As he analyzed the financial crisis for Newsweek, Johns Hopkins professor Francis Fukuyama contrasted Silicon-Valley-style technological innovation and financial innovation. Supporters of financial regulation, Fukuyama wrote, had
argued that long-standing regulations like the Depression-era Glass-Steagall Act (which split up commercial and investment banking) were stifling innovation and undermining the competitiveness of U.S. financial institutions. They were right”only, deregulation produced a flood of innovative new products like collateralized debt obligations, which are at the core of the current crisis....The problem is that Wall Street is very different from, say, Silicon Valley, where a light regulatory hand is genuinely beneficial. Financial institutions are based on trust, which can only flourish if governments ensure they are transparent and constrained in the risks they can take with other people's money.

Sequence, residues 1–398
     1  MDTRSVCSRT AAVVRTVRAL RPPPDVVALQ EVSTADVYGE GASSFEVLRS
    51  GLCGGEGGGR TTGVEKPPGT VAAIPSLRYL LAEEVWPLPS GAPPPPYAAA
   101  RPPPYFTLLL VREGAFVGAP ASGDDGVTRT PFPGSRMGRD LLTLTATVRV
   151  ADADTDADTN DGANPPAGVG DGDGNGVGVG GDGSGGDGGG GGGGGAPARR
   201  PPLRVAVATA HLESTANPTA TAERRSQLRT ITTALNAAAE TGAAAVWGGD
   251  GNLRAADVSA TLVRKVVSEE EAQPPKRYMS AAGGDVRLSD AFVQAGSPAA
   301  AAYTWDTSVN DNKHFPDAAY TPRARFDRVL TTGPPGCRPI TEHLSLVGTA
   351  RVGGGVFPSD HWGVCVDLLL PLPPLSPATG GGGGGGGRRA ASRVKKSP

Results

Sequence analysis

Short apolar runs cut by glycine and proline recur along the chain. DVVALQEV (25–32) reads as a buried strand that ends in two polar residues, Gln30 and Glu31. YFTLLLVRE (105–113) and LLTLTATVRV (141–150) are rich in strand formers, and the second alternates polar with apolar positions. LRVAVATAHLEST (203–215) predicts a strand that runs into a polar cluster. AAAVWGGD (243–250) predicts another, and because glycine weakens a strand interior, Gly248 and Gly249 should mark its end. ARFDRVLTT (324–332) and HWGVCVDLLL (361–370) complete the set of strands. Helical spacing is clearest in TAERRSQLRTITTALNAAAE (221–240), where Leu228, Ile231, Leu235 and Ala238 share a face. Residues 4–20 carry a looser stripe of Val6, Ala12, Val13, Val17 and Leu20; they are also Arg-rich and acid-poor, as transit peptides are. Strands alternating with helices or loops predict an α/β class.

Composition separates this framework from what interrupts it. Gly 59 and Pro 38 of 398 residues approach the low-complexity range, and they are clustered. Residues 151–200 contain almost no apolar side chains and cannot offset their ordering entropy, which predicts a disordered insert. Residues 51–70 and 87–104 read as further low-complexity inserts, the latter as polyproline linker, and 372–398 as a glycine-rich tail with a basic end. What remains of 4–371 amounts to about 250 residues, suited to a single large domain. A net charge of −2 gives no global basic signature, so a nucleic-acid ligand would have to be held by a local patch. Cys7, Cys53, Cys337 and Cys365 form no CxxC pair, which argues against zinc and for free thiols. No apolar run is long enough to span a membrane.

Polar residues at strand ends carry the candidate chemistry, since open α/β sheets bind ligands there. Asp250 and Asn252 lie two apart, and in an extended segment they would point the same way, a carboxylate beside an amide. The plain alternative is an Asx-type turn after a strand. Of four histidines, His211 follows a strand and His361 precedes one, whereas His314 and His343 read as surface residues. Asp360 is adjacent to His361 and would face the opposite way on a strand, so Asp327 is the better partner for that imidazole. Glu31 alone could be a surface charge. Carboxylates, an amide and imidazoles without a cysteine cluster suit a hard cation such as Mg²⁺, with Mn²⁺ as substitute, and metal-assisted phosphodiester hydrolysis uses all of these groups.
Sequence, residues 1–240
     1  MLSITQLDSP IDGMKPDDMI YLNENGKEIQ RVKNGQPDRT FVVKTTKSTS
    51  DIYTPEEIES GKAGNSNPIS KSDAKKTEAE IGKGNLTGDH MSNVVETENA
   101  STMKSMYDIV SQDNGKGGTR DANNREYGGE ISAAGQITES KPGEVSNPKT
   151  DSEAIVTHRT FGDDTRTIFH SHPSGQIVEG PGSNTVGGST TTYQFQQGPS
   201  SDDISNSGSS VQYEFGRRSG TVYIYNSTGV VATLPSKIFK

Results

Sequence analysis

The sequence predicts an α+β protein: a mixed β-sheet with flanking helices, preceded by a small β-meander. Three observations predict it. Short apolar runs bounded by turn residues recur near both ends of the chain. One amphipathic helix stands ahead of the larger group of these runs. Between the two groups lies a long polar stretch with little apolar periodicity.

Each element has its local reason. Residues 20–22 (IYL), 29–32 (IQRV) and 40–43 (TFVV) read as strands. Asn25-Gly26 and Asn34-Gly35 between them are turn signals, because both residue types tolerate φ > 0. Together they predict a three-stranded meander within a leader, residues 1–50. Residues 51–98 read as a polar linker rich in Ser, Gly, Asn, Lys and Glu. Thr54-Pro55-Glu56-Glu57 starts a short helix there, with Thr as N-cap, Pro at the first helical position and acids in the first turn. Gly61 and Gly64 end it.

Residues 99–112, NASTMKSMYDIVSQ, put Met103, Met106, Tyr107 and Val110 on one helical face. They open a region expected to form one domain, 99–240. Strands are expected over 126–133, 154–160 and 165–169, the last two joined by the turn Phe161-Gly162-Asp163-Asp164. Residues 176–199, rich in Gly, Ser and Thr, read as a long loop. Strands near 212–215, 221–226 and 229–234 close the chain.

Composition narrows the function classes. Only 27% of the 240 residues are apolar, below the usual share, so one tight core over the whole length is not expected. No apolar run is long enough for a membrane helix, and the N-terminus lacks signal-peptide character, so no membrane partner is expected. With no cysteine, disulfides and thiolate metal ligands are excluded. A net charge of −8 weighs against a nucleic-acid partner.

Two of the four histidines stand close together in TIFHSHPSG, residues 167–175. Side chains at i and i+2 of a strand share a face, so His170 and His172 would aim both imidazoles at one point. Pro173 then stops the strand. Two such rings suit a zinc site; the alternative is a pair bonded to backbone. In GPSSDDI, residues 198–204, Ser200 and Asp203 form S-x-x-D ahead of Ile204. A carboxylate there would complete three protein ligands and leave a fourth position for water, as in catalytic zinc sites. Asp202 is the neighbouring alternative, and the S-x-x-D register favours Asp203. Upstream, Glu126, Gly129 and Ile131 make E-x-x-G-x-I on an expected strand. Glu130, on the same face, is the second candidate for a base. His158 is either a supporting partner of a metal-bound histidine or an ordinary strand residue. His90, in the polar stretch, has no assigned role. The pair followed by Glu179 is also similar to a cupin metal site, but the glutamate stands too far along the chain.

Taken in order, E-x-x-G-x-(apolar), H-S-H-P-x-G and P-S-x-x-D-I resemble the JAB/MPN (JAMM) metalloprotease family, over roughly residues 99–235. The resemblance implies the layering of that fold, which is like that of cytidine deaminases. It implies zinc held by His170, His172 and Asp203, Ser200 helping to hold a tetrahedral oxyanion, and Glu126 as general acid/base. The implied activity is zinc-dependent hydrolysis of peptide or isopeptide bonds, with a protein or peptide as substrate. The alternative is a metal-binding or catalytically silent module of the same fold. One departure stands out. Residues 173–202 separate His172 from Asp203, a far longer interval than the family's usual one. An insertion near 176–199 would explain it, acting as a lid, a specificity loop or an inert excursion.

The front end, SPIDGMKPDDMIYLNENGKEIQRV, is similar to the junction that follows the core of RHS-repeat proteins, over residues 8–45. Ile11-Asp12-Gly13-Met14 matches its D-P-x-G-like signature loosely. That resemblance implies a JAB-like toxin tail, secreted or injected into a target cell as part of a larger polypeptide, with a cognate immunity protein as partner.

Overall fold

Columbia Business School Professor Amar Bhidé, in an essay posted on his website, also contrasts the impact of innovation in the financial sector and in other sectors. According to Bhidé, a contraction of the financial sector could have long-run positive effects on prosperity (see the end of his essay). His reasoning? An overly large financial sector may crowd out innovation in other sectors — by competing for talent and capital with what Bhidé calls "the real economy."